FRIDAY. Today, we reach the culmination of 15 months of preparation for a quality assessment visit. Colleagues spend all day checking and rechecking the information we have provided. At a conservative estimate, the serried ranks of box files, ring binders and lever-arch files measure over 20 feet of densely packed documents, handouts, samples of work, reports and criteria for everything we - and they - can think of. I wonder how they will manage to read and absorb even a fraction of it, given the schedule of classroom observations and other meetings also packed into a four-day visit.
MONDAY. Assessment week has finally begun. The building gleams, all the lifts are working for once, and the staff sport carefully chosen outfits. With our first meeting with the assessors not scheduled until mid-afternoon, the hours pass agonisingly slowly. The session - with senior staff from the department - creaks as both sides eye one another warily. They comment that we are an all-female department: is this a deliberate policy? and is it a problem for male students? Can't help feeling this question would not have been asked of an all-male department. Other staff join the meeting and the assessors introduce themselves once again. One decides to add the information that he supports football team XYZ; so do the other two men on the team, though the woman looks slightly as though she has been wrong-footed in not having one to support. This might be an attempt at humour, but in the light of the questioning five minutes previously, it seems crass. The reporting assessor seeks to reassure us that the team will be working hard and hopes that this will dispose us to take on board their "criticisms, suggestions and ideas." Note the order, and the omission of praise. Leave feeling very disturbed.
TUESDAY. The first (and only) full day of class observations. Despite a team supposedly chosen to reflect our strengths, some odd choices emerge for observers: a non-native speaker of English for a specialised translation class into English, for example, or subject specialists not attending classes in their own specialism. Is this a lack of organisation or perverseness? Feedback emerges: they are not happy with the level of traffic noise (we're in an inner-city); and a class described as well-structured, well-planned and student-centred is nevertheless marked down because "not everyone spoke". At the meeting held at the end of the day, the reporting assessor opens with "I've got a gentle googly to bowl you". To an all-female group, half of whom are not native speakers of English, this seems a bit insensitive. However, the questioning gets a lot more aggressive than gentle googlies, and demands are made for information that has already been provided. We vent the tension: one in an aerobics class, another at a choir rehearsal, a third by painting.
WEDNESDAY. With superb timing, the university chooses today to circulate a gloomy missive on funding, informing us that operating costs have to be cut and that means staffing costs. "Redundancies cannot be ruled out," it concludes. It's my turn to be assessed. The assessor volunteers beforehand that he feels as though he's been "pushed down to the bottom of a swimming pool". Rapidly censor my immediate reaction and smile sympathetically instead. We become concerned that assessor personality may be playing a major role in the grades given for some class observations. Decide as a group that we were caught off-guard at yesterday's meeting, and frame a few questions and positive points that we wish to stress. I suggest we also counter the sporting metaphor, so we decide to use culinary metaphors in our interventions as much as possible. Maybe it works - the meeting ends up in genuine good humour, even though it didn't start out that way; they had messed up their timetable and failed to attend an important meeting on student achievement and careers, and were still asking for material and information already supplied.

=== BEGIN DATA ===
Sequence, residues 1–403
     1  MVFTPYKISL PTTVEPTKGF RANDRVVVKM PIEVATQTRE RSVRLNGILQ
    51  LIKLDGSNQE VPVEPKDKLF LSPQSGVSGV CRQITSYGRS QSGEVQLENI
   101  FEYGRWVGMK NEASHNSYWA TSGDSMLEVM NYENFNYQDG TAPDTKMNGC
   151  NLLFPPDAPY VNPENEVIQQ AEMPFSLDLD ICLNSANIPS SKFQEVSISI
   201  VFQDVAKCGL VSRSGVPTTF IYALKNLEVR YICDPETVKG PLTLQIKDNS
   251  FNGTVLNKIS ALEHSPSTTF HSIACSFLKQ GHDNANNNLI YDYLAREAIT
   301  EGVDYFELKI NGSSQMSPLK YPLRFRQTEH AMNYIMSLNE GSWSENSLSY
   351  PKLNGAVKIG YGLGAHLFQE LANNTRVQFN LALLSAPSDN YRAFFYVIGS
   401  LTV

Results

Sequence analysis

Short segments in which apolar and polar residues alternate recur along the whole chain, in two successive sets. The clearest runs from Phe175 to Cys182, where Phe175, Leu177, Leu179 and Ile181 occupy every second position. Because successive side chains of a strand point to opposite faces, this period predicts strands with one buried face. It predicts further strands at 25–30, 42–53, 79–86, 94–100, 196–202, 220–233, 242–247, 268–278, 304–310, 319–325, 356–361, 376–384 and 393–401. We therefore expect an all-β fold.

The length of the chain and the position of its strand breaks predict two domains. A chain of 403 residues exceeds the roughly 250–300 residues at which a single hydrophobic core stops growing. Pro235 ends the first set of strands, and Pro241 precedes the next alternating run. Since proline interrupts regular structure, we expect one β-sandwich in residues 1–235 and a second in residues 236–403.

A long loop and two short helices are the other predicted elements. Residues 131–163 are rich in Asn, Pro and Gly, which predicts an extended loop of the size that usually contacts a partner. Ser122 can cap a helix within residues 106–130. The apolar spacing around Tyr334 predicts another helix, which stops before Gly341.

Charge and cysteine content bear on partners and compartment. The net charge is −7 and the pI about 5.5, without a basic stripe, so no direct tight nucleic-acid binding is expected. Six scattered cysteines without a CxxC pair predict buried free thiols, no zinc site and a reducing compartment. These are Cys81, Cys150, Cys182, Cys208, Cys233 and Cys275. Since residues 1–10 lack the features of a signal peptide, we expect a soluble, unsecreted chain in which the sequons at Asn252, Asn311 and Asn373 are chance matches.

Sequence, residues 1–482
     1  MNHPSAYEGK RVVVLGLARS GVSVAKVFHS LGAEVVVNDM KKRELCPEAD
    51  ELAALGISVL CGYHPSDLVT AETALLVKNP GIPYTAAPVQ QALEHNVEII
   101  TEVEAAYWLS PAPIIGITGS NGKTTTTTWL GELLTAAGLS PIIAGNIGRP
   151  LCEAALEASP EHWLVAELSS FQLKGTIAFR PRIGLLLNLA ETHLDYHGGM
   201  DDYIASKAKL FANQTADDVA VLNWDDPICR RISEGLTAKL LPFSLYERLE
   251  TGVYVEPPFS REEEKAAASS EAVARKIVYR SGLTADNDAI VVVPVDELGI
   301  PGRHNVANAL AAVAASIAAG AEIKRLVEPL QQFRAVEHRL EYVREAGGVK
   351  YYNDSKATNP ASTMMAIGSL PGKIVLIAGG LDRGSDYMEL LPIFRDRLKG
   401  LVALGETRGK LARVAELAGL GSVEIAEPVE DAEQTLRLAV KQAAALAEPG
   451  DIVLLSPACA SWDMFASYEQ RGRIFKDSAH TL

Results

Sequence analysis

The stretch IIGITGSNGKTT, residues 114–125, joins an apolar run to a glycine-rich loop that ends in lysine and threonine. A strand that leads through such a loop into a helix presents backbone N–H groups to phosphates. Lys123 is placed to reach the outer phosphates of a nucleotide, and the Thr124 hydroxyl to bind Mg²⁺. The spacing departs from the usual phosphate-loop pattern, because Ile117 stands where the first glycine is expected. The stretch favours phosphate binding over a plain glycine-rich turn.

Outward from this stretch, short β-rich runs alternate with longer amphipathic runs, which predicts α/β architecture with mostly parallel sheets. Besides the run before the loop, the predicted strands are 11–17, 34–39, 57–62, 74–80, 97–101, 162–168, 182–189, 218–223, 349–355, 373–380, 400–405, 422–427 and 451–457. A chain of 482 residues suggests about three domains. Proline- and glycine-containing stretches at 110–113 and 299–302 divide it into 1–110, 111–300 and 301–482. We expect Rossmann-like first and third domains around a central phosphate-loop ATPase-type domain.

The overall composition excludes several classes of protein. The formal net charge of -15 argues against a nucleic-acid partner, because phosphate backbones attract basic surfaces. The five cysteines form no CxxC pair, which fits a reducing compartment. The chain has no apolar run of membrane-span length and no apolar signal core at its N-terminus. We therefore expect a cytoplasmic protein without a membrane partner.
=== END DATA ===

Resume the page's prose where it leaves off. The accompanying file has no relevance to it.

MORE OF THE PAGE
THURSDAY. Final class observations. The hours between the last observation and the feedback are agonising, and the format of the feedback session is not calculated to reduce the inevitable tensions. Signals from the assessors have not been encouraging, but we get a very high mark. There are, though, plenty of contradictions with the other language teams' reports: one department, for example, is commended for adding value for non-traditional entry students, while we are told to concentrate on ensuring that our standard A-level candidates are helped to achieve their full potential. Another department is criticised for not making use of audio-visual aids, yet the HEFCE guidance to assessors makes it clear that the HEFCE "has no preconception of an 'ideal' teaching style". Where is the boundary between judgment and prejudice? Celebratory drinks fall flat; we are all too exhausted and tense but above all bruised by the experience.
FRIDAY. Normal service resumes: one lift is out of order, students queue up outside my office with problems and my desk groans under the weight of work neglected for the past week. I am too exhausted and demoralised to give good classes today; what price "quality"?
The author teaches in a large language department in a city location new university.